A groundbreaking discovery revealed that pterodactyls, extinct flying reptiles, also known as pterosaurs, had a remarkable ability – they could fly from birth. The importance of this discovery is underlined by the fact that no other living vertebrates today or in the history of life as we know them could repeat this. This revelation has a profound impact on our understanding of the life style of pterodactyls. This is critical to understanding the overall functioning of the dinosaur world.
It used to be thought that pterodactyls would not be able to be airborne until they are adult, almost as large as birds or bats. This assumption was based on fossilized embryos of the creatures found in China with weakly developed wings.
Dr. David Unwin, a paleo-biologist at the University of Leicester, who specializes in the study of pterodactyls; Charles Deeming, a zoologist at Lincoln University Whoever studies the reproduction of birds and reptiles has been able to refute this hypothesis. They compared these embryos with data on the prenatal growth of birds and crocodiles and found that they were still at an early stage of development and were still far from hatching. The discovery of more advanced embryos in China and Argentina, which died shortly before hatching, provided evidence that pterodactyls could fly from birth. Dr. David Unwin said, "Theoretically, it's impossible what pterosaurs did, grow and fly, but they did not know that, so they did anyway."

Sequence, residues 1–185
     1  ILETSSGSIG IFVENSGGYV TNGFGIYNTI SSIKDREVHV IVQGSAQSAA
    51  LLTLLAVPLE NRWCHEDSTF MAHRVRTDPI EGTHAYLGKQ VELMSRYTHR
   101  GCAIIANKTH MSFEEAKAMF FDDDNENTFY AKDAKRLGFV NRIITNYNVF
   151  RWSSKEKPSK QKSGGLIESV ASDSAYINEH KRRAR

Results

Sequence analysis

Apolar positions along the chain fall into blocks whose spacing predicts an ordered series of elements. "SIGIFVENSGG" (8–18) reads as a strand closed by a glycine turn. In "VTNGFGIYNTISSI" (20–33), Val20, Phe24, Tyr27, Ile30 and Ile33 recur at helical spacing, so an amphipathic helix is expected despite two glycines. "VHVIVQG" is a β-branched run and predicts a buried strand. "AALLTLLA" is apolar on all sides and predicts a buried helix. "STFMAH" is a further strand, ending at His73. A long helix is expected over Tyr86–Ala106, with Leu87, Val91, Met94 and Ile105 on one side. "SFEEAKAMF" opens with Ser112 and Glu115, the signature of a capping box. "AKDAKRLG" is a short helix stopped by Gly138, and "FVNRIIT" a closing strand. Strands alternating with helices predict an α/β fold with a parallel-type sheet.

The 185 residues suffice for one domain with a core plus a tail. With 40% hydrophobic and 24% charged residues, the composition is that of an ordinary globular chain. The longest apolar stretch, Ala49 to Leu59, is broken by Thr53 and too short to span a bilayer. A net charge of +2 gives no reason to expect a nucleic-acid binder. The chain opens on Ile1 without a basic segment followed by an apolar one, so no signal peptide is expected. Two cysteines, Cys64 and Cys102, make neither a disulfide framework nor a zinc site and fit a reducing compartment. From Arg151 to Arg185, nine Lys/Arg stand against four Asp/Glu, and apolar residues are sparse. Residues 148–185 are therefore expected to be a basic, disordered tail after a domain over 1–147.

Another fundamental difference between baby pterodactyls, also known as flaplings, and baby birds or bats, is that they had no parental care and had to feed and nurse themselves from birth. Their ability to fly gave them a life-saving survival mechanism to avoid carnivorous dinosaurs. This ability also proved to be one of their biggest causes of death, as many of them died at an early age because of the exhausting and dangerous flight process.
Research has also challenged the current view that pterodactyls behave similarly for birds and bats and has given possible answers to some key questions related to these animals. Since infants have been able to fly and grow from birth, this may explain why they were able to reach enormous wing spans far larger than any historical or current species of bird or bat. How they could carry out this process will require further research, but it is a question that would not have been asked in our understanding without these recent developments.
Dr. Birds and bats, and so comparative anatomy, can reveal novel developmental modes in extinct species. " Note: Content may be edited by style and length.